For the long term, another key conclusion from that episode is that this is real money and you need to hand it to professionals to look after.
New Money Review: Why are you opening new entities in Germany and Switzerland?
Belshe: Increasingly, our regulated clients are looking to deal with custodians that are also regulated properly. We’re already cleared to do custody in a regulated fashion in Switzerland, and we’re ready to go in Germany, which will give us the ability to cover the whole European Union.
All of this is a broader effort from BitGo to make sure that our clients in different jurisdictions can be sure we’re fitting in with the model they need us to comply with.
New Money Review: How easy has it been for you to work with regulators in Europe?
Belshe: All the regulators are looking at overlapping requirements from the custodians and broker-dealers they supervise. First and foremost, they are looking for compliance with anti-money-laundering and know-your-customer rules. They want to make sure you’re not dealing with terrorists or politically exposed persions.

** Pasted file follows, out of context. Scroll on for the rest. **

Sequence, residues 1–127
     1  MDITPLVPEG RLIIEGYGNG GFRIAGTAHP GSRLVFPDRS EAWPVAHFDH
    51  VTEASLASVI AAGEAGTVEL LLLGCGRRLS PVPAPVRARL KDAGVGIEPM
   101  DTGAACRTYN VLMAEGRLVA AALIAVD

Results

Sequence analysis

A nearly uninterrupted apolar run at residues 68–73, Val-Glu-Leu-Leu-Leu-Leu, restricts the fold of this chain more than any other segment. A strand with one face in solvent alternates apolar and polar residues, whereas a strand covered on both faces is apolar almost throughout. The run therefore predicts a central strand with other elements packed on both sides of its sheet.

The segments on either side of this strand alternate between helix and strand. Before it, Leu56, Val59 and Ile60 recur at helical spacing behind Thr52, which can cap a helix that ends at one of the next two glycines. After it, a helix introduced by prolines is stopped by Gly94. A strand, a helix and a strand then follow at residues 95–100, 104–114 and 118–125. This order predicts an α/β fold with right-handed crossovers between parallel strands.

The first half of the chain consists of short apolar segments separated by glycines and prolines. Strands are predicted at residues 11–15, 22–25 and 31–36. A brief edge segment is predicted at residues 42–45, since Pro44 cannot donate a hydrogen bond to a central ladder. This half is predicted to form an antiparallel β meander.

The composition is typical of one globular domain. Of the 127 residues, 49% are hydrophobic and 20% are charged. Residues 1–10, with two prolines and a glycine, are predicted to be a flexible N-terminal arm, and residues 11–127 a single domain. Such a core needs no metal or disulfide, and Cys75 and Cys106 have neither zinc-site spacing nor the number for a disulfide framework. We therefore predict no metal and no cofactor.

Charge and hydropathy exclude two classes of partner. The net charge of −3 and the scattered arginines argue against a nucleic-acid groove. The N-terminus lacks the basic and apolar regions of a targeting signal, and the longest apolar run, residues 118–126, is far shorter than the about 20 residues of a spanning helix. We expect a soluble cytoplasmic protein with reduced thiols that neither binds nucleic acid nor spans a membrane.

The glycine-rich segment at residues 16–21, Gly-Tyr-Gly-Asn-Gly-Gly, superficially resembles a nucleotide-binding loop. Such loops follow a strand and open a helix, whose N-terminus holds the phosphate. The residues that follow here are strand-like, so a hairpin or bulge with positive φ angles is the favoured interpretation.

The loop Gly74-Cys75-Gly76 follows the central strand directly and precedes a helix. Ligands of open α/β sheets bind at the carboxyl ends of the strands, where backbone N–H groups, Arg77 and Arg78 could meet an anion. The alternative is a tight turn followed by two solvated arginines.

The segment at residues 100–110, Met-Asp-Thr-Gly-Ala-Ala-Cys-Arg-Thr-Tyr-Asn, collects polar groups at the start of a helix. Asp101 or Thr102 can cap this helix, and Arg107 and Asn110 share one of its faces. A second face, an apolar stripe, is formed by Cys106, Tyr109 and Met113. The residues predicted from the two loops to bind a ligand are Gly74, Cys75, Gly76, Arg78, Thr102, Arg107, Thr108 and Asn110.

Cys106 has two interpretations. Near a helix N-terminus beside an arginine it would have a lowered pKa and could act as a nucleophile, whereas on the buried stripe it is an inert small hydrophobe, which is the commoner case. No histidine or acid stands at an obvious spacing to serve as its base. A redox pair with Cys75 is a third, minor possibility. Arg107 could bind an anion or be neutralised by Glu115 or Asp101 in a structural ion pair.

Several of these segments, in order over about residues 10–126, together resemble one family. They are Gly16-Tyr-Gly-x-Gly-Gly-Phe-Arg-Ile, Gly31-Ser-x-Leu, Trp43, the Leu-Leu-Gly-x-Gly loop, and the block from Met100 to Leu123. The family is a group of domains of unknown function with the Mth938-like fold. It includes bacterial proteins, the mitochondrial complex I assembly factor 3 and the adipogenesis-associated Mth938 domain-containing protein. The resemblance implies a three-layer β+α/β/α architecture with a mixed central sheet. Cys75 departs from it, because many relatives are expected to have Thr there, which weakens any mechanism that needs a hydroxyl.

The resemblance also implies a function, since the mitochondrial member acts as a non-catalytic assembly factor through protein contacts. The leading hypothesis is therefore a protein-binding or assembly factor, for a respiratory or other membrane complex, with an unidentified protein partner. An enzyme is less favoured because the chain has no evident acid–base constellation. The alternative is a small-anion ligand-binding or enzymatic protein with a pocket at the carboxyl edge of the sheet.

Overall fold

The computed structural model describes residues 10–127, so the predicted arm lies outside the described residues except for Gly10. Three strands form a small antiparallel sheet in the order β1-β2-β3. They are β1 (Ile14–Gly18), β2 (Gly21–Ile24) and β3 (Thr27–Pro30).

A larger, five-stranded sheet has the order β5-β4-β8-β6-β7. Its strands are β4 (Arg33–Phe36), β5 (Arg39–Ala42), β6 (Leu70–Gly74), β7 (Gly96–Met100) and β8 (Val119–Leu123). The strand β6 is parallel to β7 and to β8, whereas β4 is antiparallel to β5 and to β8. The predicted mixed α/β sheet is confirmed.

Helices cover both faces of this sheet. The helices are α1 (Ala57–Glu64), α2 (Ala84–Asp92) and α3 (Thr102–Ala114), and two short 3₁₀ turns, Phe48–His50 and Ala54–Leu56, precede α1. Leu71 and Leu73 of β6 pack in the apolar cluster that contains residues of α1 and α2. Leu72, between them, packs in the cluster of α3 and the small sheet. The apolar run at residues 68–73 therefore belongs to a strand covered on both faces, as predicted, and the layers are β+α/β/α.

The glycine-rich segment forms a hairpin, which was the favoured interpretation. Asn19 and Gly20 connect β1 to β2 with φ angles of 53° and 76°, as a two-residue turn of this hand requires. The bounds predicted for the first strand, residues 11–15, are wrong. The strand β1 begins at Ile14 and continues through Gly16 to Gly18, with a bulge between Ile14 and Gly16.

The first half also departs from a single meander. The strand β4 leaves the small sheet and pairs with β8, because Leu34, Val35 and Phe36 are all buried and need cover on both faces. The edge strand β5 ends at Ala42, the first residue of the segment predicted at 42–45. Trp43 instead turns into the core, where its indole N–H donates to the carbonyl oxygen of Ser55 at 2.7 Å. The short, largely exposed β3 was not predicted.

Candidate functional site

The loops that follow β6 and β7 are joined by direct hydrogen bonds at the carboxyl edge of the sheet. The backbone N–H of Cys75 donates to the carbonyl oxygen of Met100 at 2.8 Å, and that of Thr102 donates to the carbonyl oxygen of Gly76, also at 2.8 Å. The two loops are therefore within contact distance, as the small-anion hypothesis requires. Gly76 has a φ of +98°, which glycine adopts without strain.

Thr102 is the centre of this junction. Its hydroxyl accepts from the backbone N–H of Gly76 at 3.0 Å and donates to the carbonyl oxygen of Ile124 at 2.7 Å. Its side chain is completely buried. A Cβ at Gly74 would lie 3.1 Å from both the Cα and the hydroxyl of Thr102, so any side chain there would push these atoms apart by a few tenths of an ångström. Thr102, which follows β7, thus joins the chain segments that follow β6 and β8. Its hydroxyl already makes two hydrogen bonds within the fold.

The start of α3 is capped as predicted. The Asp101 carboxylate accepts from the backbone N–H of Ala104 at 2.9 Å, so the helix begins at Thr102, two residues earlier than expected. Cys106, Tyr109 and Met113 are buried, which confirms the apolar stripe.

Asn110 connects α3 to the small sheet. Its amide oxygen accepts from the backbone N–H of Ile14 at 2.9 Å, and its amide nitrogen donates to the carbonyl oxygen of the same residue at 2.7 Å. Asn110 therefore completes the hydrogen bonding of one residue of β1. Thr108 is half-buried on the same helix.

One thing that is still a bit of an enigma is the question of where the private keys giving access to the crypto-asset should be held. Should they be held locally, globally or a combination thereof? Regulators’ natural inclination is that the keys should belong in the local jurisdiction. But there’s more to be done in building systems that work for clients globally.
Investors are looking for protections, and if it’s safer to have one key in Germany, one in Switzerland and one in the UK, they are happy to hear about that. We can build systems that fully automate their transactions so that, for them, it’s the same as accessing a bank account.